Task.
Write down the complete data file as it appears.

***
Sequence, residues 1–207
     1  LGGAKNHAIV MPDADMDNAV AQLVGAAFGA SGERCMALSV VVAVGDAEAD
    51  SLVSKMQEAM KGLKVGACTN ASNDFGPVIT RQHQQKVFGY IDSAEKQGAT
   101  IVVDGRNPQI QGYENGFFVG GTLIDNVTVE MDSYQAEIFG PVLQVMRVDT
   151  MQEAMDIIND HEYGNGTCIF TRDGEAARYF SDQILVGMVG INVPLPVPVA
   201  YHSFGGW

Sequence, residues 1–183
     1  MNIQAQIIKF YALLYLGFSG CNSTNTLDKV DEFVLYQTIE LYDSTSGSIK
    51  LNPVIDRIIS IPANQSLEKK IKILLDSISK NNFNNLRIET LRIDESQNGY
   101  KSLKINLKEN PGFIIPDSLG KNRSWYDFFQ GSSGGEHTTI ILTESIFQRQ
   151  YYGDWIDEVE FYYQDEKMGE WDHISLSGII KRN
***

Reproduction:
Sequence, residues 1–207
     1  LGGAKNHAIV MPDADMDNAV AQLVGAAFGA SGERCMALSV VVAVGDAEAD
    51  SLVSKMQEAM KGLKVGACTN ASNDFGPVIT RQHQQKVFGY IDSAEKQGAT
   101  IVVDGRNPQI QGYENGFFVG GTLIDNVTVE MDSYQAEIFG PVLQVMRVDT
   151  MQEAMDIIND HEYGNGTCIF TRDGEAARYF SDQILVGMVG INVPLPVPVA
   201  YHSFGGW

Sequence, residues 1–183
     1  MNIQAQIIKF YALLYLGFSG CNSTNTLDKV DEFVLYQTIE LYDSTSGSIK
    51  LNPVIDRIIS IPANQSLEKK IKILLDSISK NNFNNLRIET LRIDESQNGY
   101  KSLKINLKEN PGFIIPDSLG KNRSWYDFFQ GSSGGEHTTI ILTESIFQRQ
   151  YYGDWIDEVE FYYQDEKMGE WDHISLSGII KRN